Carmita Jiménez (c. 1939 – August 10, 2003) was a Puerto Rican singer who was considered a diva in Puerto Rico. She was born in San Lorenzo.
Carmita Jiménez started her singing career at the young age of six, on the radio show named El Abuelito Welch (Grandpa Welch) with another legendary Puerto Rican show business legend, José Miguel Agrelot. This show, as its name suggested, was sponsored by the Welch’s grape juice brand.
At 15, Carmita Jiménez performed the Habanera from Bizet’s opera Carmen. Soon after, she joined popular music groups like the Moncho Usera orchestra, and then she released her first album, which contained the hit Tierra Rica (Rich Earth).
During the 1960s, Carmita Jiménez became a popular fixture on Puerto Rico’s television and enjoyed great renown. She decided then that it was time to internationalize her career and moved to Peru to promote herself in South America. Her stay in Peru, which lasted until 1968, made her very popular among the citizens of that country too. There she gave birth to her only daughter, María Nahíma, who as her mother, began singing professionally since a child. Carmita kept on releasing albums and scoring more hits.
After she returned to Puerto Rico in 1968, she landed her own section on WAPA-TV’s popular lunch-time show El Show Del Mediodia.
During the 1970s, Carmita Jiménez became a part of the Disco Music movement in her country, and had the number one hit La Generacion De Hoy (Today’s Generation), produced by Alfred D. Herger, which was followed by La Vida En Rosa (Life In Pink), a song which was later a hit in English too, Grace Jones performing the English version.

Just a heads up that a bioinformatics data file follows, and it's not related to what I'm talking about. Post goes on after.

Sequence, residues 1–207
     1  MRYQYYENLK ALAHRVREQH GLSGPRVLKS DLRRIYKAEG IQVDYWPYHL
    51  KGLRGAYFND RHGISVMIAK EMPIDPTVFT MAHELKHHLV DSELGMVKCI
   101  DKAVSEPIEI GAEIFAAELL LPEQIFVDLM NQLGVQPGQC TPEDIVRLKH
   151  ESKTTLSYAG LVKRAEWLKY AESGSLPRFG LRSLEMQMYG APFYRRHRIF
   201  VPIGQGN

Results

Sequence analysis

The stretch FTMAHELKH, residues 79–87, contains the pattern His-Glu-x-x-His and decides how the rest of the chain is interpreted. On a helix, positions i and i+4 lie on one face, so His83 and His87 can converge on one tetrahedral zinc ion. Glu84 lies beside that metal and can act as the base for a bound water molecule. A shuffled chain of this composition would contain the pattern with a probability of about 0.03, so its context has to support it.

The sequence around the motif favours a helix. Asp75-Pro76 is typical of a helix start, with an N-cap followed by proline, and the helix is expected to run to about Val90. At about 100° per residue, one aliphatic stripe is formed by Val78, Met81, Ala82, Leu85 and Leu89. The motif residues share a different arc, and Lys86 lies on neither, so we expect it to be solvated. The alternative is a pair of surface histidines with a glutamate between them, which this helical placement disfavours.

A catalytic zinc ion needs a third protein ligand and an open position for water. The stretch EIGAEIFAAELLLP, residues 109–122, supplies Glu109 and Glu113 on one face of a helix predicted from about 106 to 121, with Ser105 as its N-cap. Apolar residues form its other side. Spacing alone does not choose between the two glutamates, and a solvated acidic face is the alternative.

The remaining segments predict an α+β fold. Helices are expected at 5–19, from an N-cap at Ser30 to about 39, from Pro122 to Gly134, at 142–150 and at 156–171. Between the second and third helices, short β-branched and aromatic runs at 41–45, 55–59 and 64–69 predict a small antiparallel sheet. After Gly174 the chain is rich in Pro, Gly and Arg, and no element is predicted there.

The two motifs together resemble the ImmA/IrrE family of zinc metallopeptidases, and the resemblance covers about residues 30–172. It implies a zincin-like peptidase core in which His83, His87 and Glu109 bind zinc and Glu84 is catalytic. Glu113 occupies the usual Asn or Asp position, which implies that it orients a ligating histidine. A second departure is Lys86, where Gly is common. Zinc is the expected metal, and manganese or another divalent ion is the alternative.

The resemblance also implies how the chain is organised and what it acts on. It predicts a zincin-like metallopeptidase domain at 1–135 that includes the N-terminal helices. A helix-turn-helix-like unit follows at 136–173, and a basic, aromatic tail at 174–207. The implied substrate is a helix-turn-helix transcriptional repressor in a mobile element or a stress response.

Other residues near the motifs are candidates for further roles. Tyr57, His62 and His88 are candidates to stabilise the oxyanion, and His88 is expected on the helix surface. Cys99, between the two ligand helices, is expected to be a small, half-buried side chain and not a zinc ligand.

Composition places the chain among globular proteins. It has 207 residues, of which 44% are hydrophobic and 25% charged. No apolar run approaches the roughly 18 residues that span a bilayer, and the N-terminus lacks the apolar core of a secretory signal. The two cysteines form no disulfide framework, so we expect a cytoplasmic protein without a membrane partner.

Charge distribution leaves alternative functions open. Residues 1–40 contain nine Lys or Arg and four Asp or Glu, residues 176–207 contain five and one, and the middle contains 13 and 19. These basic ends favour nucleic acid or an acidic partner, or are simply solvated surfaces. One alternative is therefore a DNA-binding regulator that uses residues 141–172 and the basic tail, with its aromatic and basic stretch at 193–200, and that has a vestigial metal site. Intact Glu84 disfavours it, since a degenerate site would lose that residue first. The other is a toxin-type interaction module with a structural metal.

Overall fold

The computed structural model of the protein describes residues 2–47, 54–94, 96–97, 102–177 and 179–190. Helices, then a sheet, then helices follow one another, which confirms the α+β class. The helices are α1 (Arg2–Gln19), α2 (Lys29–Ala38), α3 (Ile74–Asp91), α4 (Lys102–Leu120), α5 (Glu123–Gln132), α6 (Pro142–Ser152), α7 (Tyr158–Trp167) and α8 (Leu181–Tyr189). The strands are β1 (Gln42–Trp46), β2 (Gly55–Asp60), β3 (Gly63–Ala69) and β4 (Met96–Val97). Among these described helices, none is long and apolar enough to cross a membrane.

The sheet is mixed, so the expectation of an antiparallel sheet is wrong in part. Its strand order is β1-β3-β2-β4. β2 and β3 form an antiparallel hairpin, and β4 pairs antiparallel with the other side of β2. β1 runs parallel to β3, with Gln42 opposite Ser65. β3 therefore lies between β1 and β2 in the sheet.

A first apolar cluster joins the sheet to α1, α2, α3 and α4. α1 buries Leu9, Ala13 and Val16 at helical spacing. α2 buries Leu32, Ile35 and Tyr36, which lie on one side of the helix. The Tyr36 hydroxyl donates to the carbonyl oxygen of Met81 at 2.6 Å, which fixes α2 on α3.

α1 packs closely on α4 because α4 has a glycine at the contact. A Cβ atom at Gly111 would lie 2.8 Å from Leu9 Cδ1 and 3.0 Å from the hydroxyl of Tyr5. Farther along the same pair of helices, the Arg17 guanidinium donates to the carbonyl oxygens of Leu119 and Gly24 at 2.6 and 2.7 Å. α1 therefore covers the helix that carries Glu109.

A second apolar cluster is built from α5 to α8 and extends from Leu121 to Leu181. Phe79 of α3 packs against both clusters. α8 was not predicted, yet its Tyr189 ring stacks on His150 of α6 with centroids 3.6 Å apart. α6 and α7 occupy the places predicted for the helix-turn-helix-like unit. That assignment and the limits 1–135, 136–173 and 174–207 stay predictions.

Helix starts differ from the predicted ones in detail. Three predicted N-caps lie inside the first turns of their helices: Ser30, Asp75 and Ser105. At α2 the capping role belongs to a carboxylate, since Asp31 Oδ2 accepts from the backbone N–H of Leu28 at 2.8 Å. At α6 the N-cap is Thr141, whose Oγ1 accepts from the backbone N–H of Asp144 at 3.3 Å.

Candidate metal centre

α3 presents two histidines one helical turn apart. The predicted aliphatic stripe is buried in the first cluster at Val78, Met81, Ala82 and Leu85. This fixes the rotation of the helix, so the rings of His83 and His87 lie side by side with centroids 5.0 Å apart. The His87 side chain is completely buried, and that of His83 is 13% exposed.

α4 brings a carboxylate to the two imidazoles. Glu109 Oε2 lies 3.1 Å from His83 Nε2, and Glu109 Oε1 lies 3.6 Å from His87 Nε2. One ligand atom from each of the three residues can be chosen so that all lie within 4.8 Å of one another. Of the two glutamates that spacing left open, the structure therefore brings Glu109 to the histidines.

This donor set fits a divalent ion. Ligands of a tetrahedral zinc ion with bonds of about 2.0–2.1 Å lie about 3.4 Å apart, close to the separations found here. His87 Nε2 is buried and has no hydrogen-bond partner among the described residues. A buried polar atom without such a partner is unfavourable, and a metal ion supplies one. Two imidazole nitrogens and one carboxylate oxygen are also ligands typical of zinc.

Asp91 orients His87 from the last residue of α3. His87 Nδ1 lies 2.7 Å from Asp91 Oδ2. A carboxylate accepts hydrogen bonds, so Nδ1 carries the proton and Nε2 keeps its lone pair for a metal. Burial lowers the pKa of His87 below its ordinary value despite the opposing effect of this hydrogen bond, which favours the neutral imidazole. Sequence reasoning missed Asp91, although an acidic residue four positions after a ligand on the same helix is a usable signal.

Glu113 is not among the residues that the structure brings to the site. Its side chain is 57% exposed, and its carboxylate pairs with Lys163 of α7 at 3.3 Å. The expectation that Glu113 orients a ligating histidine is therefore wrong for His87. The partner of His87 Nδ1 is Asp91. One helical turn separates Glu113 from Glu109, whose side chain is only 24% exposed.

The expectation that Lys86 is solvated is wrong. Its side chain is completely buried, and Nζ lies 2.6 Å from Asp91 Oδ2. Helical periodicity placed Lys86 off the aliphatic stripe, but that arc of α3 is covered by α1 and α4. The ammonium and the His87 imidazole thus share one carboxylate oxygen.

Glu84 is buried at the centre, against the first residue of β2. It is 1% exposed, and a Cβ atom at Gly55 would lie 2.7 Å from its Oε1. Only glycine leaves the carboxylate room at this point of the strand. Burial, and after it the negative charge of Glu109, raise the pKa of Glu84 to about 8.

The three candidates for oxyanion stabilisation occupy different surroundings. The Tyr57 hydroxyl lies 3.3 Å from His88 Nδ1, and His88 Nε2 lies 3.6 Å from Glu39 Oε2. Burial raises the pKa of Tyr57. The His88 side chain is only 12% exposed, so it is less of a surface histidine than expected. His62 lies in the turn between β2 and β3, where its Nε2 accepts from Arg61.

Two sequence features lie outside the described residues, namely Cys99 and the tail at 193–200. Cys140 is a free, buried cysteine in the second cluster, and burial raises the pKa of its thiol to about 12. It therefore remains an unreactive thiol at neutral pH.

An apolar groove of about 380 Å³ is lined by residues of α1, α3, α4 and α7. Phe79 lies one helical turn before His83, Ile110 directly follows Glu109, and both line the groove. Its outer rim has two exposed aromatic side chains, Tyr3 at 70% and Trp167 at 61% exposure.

Carmita Jiménez began bringing down her yearly number of appearances since 1985, becoming a more private person. On September 1990 she debuted as a stage actress in the San Juan premiere production of Rodolfo Santana’s “Baño de Damas”, with an all-star cast that included Gladys Rodriuez, Giselle Blondet, Marisol Calero, and Johanna Rosaly. On February 1991 she returned to the stage as Sister Mary Hubert (Sor María José) in the San Juan premiere production of Dan Goggins’ musical comedy “Sor-Presas” (Nunsense). Both productions played at the historic Tapia Theater in Old San Juan. In 1994, she participated in a concert named Algo Mas Que Una Cantante (More Than Just a Singer) at San Juan’s Centro de Bellas Artes, a concert which reunited many international singing super-stars.
As it turned out, there was a reason for her winding down the number of public appearances each year: In 2002, she announced during an interview with Vea that she had been diagnosed with cancer in 1985. The fact is that the cancer she had for almost 20 years had spread into bone metastasis and she battled it as a very courageous woman. She lived 4 more years in which she tried several cures, including a 4 month-visit to a private clinic in Switzerland with her daughter, singer and lyricist Maria Nahima. Carmita Jiménez died at her home in Caguas, Puerto Rico after succumbing to her illness.